Seat Filler: NYC Theater Guide for October 2010

The Advocate’s man on the New York theater scene ushers in a bloody bloody good season with T.R. Knight, Cherry Jones, Charles Busch, Anthony Rapp, and the return migration of Matthew Bourne’s shirtless gay swans.

BY Brandon Voss

October 19 2010 9:10 AM ET

1 PIXEL GIF | ADVOCATE.COM

A LIFE IN THE THEATER X390 (ROSEGG) | ADVOCATE.COM

T.R. Knight can often be seen walking around New York holding hands with his honeymoon-period boyfriend. One can now catch the ex-Grey’s Anatomy star holding his own — against costar Patrick Stewart, that is — in a satisfying revival of David Mamet’s 1977 two-hander A Life in the Theatre, which ends January 2 at the Gerald Schoenfeld Theatre. Stewart, who’ll always be Sterling in Jeffrey to me, plays Robert, a magniloquent stage vet, to Knight’s newbie, John, in a series of backstage and slapsticky play-within-a-play scenes Robert might describe as “just like a little walnut ... meaty on the inside and tight all around.” Robert’s barely concealed envy of his young frenemy may or may not be rooted in attraction, but their vaguely homoerotic tension comes to a rather obvious head when John awkwardly fixes Robert’s broken zipper with a safety pin.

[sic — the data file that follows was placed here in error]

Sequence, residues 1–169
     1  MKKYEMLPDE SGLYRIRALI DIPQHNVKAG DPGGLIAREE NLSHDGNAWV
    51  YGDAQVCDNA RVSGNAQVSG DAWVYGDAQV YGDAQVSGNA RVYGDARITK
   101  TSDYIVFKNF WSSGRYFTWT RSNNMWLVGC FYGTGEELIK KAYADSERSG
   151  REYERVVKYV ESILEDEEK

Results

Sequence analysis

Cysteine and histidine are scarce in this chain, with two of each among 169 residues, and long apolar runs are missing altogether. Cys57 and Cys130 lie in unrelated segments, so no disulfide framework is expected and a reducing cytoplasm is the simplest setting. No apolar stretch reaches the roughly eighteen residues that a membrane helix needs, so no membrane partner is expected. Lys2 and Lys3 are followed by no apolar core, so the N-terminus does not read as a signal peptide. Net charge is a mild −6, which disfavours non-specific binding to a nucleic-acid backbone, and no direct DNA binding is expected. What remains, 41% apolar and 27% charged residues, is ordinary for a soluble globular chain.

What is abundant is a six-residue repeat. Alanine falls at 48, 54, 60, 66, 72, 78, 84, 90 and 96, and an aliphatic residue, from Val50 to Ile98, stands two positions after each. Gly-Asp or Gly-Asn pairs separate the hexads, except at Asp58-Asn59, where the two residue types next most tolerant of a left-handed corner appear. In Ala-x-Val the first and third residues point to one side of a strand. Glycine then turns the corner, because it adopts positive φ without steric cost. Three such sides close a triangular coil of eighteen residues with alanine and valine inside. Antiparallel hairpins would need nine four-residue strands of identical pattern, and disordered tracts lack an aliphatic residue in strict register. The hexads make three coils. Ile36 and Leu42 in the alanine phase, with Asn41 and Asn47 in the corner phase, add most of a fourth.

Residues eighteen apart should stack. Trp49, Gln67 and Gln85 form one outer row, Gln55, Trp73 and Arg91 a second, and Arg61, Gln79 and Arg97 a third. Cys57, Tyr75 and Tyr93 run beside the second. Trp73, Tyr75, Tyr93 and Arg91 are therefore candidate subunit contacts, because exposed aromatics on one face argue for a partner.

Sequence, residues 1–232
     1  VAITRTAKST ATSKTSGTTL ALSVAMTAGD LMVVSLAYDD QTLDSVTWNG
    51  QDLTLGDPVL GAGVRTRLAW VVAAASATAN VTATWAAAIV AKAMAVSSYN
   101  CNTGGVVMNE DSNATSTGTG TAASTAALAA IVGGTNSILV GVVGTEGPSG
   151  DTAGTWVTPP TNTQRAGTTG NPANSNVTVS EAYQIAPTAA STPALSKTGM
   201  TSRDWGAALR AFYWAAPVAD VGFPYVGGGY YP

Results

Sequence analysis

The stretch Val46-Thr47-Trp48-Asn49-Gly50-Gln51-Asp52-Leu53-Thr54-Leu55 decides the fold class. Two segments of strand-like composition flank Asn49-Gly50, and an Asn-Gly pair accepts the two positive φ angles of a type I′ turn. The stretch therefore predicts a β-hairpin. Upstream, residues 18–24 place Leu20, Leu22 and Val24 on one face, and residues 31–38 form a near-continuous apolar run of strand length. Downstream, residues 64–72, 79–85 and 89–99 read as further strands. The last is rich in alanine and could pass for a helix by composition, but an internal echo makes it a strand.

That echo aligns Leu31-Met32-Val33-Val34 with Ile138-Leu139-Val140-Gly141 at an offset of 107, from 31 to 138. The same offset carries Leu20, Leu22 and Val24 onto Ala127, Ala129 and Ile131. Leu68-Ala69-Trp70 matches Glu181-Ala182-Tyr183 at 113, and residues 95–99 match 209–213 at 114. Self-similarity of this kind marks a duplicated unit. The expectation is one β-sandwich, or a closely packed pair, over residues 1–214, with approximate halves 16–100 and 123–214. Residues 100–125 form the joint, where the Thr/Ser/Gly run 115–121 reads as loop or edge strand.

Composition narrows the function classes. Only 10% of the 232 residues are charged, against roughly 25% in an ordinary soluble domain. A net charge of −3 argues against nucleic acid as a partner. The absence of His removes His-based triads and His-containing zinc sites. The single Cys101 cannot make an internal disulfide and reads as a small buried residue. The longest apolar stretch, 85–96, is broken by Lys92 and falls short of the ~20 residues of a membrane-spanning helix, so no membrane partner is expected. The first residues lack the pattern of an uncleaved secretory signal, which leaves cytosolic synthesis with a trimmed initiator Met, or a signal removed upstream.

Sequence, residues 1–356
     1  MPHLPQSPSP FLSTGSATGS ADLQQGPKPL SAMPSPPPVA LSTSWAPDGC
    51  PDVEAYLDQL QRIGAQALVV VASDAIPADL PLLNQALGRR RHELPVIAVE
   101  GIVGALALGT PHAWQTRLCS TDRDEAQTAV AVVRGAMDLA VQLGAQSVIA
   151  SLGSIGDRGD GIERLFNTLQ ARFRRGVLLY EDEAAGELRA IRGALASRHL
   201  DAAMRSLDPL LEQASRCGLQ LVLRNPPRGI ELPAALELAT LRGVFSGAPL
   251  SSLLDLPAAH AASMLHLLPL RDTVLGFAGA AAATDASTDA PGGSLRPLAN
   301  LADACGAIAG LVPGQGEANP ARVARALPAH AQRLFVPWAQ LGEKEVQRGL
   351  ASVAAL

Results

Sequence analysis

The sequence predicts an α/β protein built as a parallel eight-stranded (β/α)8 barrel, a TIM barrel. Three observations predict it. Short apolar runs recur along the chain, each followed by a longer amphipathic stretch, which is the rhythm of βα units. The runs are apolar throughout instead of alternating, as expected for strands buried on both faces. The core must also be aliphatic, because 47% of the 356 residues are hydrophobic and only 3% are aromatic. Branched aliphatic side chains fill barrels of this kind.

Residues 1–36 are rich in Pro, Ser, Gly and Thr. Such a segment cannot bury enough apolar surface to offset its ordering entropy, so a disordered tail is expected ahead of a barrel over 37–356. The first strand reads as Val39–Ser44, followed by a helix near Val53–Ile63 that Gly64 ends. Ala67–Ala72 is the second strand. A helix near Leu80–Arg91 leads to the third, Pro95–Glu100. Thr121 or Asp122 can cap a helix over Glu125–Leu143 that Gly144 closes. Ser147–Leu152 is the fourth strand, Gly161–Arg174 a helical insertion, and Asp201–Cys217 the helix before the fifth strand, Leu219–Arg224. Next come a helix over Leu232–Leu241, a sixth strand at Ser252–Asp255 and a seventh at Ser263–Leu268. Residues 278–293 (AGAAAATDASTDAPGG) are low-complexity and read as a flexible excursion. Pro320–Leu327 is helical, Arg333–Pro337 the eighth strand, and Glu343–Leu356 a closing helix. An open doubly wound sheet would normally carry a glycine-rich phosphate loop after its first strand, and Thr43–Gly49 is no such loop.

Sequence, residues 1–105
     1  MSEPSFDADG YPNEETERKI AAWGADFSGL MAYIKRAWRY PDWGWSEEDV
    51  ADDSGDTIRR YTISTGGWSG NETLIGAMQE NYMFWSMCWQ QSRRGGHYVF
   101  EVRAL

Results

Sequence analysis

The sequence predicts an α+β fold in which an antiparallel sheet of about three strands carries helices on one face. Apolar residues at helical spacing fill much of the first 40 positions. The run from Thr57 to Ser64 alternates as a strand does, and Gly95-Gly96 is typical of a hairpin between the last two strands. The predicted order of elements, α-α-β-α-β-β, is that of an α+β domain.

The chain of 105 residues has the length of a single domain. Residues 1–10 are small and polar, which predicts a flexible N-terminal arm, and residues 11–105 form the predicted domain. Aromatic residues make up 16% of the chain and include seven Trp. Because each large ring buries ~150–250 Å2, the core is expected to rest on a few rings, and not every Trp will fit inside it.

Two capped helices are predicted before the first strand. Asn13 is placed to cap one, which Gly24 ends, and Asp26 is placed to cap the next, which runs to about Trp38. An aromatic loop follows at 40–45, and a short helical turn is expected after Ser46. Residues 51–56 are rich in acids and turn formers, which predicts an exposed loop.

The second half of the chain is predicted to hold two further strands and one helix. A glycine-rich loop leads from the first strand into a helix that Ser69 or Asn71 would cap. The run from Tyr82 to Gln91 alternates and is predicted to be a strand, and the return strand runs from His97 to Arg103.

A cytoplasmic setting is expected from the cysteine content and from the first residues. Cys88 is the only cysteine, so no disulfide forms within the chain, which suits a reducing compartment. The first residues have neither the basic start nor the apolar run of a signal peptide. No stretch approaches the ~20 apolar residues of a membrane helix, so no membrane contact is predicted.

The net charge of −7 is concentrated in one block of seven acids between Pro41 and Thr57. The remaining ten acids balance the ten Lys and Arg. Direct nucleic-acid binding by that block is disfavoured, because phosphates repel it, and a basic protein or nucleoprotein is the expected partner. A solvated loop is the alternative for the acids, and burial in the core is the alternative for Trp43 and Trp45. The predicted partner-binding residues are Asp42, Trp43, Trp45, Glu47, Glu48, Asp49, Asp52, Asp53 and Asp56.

Mrs. Warren's Profession x390 (MARCUS) | ADVOCATE.COM

When George Bernard Shaw’s 1893 drama first opened on Broadway in 1905, The New York Times called Mrs. Warren’s Profession “revolting, indecent, and nauseating, where it was not boring.” Now being revived by Roundabout through November 28 at the American Airlines Theatre, it’s mostly just boring. Though the words are amazingly never uttered, it turns out Kitty Warren made her fortune as — spoiler alert! — a prostitute turned high-class madam, much to the horror and reluctant admiration of her educated daughter. Director Doug Hughes handles the attractive but dusty revival with Victorian-lady gloves, but it’s still a must-see for Miss Cherry Jones, who, with Cockneyed Mae West flair, simply rivets in her two big monologues that defend her sordid career. Gay character actor Edward Hibbert appears in a thankless supporting role.

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